"Why does Australia have an English Queen, English common law, English institutions? Because England was the first nation to conquer infant mortality.

"By 1820 medical progress had so transformed British life that half the population was under the age of 15. Britain had the manpower to take, settle and administer huge chunks of real estate around the planet. Had, say, China or Russia been first to overcome childhood mortality, the modern world would be very different."


One demographic reality is that religious societies breed more than non-religious ones. In the U.S. pious 'red' states out-reproduce secular 'blue' ones. In 'post-Christian' Europe the birth rate has plummeted below the 2.2 children per woman replacement rate and in many places is approaching what demographers call 'lowest-low' fertility - 1.3 births per woman - where populations go into steep decline. By 2050, Italy's population will have fallen by 22 per cent.

On the other hand, the highest birth rate countries are mostly Moslem. The long term may be unpredictable, but it takes 25 years to produce an adult. So in a generation, barring catastrophe, there will be a lot more faithful Moslems and a lot less non-practising Europeans than there are now. 'Developed' and 'developing' country birth rates are converging. But even within national borders, faith and fertility go together. The 'religion is dying' crowd have it backwards.

It's very curious. Every other organism reproduces at its maximum environmental capacity rate. Why do humans alone need 'divine' prompting to 'Go forth and multiply'? Dostoevsky once wrote that "If you were to destroy the belief in immortality in mankind, not only love but every living force on which the continuation of all life in the world depended, would dry up at once."

Well, the population facts support his thesis. From a biological point of view it's clearly better to believe in anything rather than nothing.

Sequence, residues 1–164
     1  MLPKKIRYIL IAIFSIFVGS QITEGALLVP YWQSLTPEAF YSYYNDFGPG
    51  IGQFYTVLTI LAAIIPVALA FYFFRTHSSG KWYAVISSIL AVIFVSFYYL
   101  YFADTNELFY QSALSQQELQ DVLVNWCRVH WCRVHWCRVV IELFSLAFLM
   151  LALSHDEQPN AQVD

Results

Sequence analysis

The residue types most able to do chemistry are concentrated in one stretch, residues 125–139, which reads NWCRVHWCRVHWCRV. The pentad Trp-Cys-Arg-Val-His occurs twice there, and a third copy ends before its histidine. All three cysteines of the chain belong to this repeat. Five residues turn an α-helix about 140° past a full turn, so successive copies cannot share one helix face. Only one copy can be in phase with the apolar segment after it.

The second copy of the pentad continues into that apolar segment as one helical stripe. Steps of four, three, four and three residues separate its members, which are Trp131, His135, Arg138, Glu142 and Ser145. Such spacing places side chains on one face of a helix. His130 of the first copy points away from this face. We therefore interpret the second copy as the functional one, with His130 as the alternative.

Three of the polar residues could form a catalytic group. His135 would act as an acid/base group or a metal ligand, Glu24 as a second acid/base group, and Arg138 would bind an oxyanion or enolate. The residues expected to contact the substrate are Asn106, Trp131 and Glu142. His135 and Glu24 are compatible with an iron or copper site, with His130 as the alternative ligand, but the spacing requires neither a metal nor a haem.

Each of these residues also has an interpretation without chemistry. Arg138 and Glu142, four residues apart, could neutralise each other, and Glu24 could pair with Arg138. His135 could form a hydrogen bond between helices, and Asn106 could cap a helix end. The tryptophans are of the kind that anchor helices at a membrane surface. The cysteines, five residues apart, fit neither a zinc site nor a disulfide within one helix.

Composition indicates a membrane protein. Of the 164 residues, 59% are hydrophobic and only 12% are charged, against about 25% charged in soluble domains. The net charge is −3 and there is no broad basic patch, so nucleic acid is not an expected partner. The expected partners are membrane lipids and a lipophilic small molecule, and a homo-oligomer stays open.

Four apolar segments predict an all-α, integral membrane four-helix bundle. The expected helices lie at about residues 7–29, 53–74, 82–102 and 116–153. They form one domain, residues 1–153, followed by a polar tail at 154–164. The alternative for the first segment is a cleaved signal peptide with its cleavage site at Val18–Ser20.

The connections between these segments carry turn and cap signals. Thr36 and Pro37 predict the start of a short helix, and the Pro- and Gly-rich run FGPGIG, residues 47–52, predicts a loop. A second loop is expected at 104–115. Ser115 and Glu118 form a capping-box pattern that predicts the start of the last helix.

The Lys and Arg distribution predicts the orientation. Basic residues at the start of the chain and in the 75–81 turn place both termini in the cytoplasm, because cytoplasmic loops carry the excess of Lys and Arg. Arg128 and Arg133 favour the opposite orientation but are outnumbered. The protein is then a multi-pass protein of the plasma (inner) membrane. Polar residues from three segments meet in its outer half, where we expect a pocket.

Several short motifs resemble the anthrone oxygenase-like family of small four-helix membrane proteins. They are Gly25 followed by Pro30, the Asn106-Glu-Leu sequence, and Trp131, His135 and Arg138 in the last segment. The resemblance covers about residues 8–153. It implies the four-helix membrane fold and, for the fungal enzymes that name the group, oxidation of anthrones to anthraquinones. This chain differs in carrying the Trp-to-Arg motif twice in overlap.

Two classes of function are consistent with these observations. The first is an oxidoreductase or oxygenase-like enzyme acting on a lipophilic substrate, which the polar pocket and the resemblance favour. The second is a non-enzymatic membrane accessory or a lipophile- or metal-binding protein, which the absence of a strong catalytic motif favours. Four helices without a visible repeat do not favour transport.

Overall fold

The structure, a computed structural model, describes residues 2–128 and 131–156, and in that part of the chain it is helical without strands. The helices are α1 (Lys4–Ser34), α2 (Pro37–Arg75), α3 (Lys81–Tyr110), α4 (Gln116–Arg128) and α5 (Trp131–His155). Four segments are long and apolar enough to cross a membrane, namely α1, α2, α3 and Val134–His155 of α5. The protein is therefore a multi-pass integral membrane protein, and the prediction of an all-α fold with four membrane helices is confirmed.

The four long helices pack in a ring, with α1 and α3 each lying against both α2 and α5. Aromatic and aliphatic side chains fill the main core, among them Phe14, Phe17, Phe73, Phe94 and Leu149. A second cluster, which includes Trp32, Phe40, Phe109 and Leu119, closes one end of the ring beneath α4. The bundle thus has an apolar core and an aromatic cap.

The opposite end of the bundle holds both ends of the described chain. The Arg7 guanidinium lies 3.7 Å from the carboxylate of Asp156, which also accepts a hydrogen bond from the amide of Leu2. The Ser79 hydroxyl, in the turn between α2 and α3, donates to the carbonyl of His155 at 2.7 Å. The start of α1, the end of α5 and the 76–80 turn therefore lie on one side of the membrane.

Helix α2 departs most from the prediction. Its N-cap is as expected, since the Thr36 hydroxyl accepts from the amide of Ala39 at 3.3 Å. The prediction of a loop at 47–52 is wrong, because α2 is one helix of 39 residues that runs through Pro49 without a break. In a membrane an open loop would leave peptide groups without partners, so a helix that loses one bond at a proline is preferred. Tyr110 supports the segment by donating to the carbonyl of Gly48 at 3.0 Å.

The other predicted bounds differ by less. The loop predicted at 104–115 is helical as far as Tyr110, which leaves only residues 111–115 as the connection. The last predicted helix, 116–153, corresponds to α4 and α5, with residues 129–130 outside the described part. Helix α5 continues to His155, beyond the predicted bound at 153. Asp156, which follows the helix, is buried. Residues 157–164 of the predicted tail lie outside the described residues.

Maybe those campaigning for atheists to be described as 'brights', in the same way as homosexuals are referred to as 'gays', are on to something. From a purely organic perspective, atheists and homosexuals are both low reproductive minorities who drastically under-contribute to the human gene pool.

Demographics also suggest that however admirable on the individual level, liberal western values likely weaken the general reproductive will.


Feminism, tolerance for homosexuality and legal abortion are all negatively correlated with state fertility. While rigidly patriarchal traditional societies tend to have high birth rates. The 'open-minded' can't understand why 'religious fanatics' don't share our 'modern educated' outlook on gender and sex. But maybe on an instinctual level, they know something we don't?

Take, for instance, Britain and Iran. In 1950 the former had 50 million people and the latter 16 million. Now Britain has 60 million and Iran has 70 million. Britain scores better on virtually every quality of life measure.

No sensible - at least western educated - person would choose to live in theocratic fundamentalist Iran instead of tolerant and free Britain. Yet Iran has gone from having less than one third Britain's population to having 15 per cent more people. So which is the more successful country? Well, what matters more, genes or ideas?

Comments (0)

Post a Comment
* Your Name:
* Your Email:
(not publicly displayed)
Reply Notification:
Approval Notification:
* Security Image:
Security Image Generate new
Copy the numbers and letters from the security image:
* Message: